What’s in a name?


Football clubs aren’t often the most imaginative organisations when it comes to nicknames. Some clubs see it as an opportunity to leave an indelible mark on the world, thinking up names so obscure that nobody but a small band of followers actually understands why. But on the whole, nicknames are a bridge too far for the PR agents and the marketing executives. So for every “The Nuts & Bolts” there will be three or for “Reds”, each “Monkey Hanger” is bettered by a dozen “United’s” and of course for every “Shrimper” there is half a dozen “Rovers”.

20130706-211325.jpgAnd that is the story of today, the hottest day of the year. In the deepest, darkest part of South East Essex is a place called Foulness Island. Not high up on the list of “Best Places in Europe to Visit 2013” according to Trip Advisor, but actually one of the most important areas of land for finding Brent geese no less. This flat, virtually uninhabited areas of Essex doesn’t see many visitors, as the roads and rails from the west stop at Southend-on-Sea, Britain’s 101st biggest settlement and home to the world’s longest pier. To the local’s it is simply Las Vegas on Sea. Home to Lee Evans, Phil Jupitas and James Bourne (what do you mean who? Do you not know anything about rock music???), it is also the Friday and Saturday night traditional entertainment spectacle of “Cruising”.

Having spent a year working in Essex, and actually occasionally going out with a genuine Essex girl (born in Essex, owned a white handbag, had a tattoo before they were trendy) I remember this ritual. “Where shall we go tonight? ” I would ask. “Cinema, Opera, Ballet?” I would offer as options. “Let’s do daarn Saafend and cruise” would come the response. Driving up and down the Essex Riviera with music pumping out of the car was the nocturnal pleasure of choice. I think I only kept going out with her because it was a cheap date… Continue reading

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A festive football cracker from the Dagger Diary


The Daggers Diary don’t let a small matter of rain, snow or Christmas get in the way of their quest to every game humanly possible.  Here is their update from the festive period.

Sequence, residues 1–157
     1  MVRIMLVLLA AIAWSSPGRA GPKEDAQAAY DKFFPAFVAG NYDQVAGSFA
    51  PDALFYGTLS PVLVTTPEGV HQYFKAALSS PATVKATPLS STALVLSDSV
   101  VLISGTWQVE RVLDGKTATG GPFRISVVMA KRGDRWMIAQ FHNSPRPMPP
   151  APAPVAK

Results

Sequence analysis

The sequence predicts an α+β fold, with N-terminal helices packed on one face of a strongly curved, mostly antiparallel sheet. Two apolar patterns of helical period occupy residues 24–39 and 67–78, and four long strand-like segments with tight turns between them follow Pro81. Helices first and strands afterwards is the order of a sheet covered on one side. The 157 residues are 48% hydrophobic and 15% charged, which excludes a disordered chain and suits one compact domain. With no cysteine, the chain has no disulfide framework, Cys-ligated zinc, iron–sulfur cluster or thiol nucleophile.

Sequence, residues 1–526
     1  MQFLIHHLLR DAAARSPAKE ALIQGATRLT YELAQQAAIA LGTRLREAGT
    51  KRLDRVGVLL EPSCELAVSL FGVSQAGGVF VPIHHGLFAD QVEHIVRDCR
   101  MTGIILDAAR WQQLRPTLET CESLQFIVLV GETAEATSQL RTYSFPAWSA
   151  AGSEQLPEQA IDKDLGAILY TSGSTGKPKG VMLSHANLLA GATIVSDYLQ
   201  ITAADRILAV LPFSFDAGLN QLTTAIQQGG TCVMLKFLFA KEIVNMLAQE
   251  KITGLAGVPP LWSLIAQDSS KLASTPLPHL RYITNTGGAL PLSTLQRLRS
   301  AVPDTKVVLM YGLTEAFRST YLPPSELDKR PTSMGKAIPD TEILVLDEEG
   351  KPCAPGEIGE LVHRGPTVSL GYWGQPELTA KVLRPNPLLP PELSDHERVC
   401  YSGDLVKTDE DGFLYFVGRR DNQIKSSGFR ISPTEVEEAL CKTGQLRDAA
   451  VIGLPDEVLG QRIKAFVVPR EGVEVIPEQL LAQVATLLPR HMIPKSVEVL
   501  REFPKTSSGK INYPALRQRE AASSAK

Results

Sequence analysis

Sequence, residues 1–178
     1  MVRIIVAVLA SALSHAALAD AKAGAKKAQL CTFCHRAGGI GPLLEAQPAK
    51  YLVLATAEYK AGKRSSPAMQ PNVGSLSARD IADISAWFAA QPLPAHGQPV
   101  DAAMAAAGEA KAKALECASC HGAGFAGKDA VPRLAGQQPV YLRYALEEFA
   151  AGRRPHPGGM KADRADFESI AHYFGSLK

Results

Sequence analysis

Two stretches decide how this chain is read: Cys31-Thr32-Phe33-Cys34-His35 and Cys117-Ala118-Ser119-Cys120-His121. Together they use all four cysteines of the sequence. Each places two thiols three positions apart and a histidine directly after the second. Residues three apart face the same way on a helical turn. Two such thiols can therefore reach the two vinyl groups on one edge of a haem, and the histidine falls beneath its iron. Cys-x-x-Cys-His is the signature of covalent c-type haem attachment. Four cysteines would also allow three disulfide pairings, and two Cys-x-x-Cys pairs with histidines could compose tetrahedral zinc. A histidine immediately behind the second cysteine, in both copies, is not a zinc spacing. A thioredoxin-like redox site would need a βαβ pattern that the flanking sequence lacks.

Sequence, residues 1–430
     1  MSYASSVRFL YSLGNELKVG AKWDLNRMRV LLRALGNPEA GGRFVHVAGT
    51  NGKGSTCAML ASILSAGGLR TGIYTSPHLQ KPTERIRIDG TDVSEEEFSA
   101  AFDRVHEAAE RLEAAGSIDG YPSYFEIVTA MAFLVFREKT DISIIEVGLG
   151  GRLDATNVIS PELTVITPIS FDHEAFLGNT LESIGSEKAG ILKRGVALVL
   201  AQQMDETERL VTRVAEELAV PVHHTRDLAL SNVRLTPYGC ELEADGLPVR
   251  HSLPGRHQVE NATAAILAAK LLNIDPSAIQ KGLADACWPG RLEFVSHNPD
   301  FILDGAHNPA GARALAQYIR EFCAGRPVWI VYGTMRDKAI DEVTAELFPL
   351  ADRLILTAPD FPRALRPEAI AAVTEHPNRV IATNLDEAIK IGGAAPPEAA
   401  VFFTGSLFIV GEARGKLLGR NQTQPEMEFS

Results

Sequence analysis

After our last game prior to Christmas at Morecambe was called off as we started the final part of our journey to the game, it meant that the team would have had a bit of extra time to prepare for the two Christmas games, even if it has meant a wasted journey over that particular weekend.

This all meant that our last game before Christmas was the December 15th win over Barnet. The 1-0 win pushed us up into the top half of the table, although we have since slipped back a couple of places to 14th. The loss of Dwight Gayle to Peterborough has not proved (so far) to be as big a loss as first feared, although the winning margins have been tight. Gayle so far, has proved to be a player capable of stepping up to the Championship level, and he has netted on several occasions for Peterborough so far. Now that the anticipated transfer has gone through, it is to be hoped that Gayle will continue to progress and eventually end up costing Peterborough a fair bit of cash, and that we won’t be cashing in on any sell on clause that we might have requested.

As is traditional over the Christmas period, the games come thick and fast, assuming that they go ahead of course. After the postponement at Morecambe, the next opportunity to see the Daggers is a Boxing Day home game against Southend United. Continue reading

That sinking feeling


Brian Parish continues to believe that Dagenham & Redbridge will be all right at the end of the season.  But a visit of the league leaders was hardly the tonic they needed on Saturday.

Missing one of your team’s games is not a nice decision to have to make, especially if things aren’t going well. Last week, Dagenham Dan and myself had to make this very choice; we could either miss our home game against Bath City in the FA Cup, or travel to Wembley to watch England v Spain. In the end, the national team won out (and won the game as well), so while we were watching England beat the World Champions, we were sitting at Wembley with the knowledge that the Daggers had been held at home by the team bottom of the Conference, and now had a replay to contend with.

As soon as the final whistle had gone at Victoria Road, Dan was looking at travel options for the replay, but with train travel not being the cheapest form of transport in this country, driving looked to be the firm favourite. However, that choice was soon discarded when he discovered what time he would have to leave, and so when it was announced later in the week that ESPN were going to show the replay, we both decided that we would watch the game in the company of our fellow Daggers at the club house. That could be fun… Continue reading

Still not yet in the grave


As an author myself I know the pain that you go through when starting on a new project, trying to wrestle with that internal voice that questions whether it is good enough, and will people buy the end product (FYI – Passport to Football is still available to buy here).  Football books are even more of a challenge with few publications actually worth a first read, let alone a second or third.  However, we strive here at the Ball is Round to bring you what we consider to be the best books written on the Beautiful Game.  In our “must read” list is probably the finest book written about what it is like to be a professional footballer on a day by day basis.  Not content with just one book, he followed it up with a second a few years later detailing his transition from player to manager and finally to a life away from the pitch.  Ladies and Gentlemen I give you TWICE nominated author for the William Hill Sports Book of the Year award, Garry Nelson. Continue reading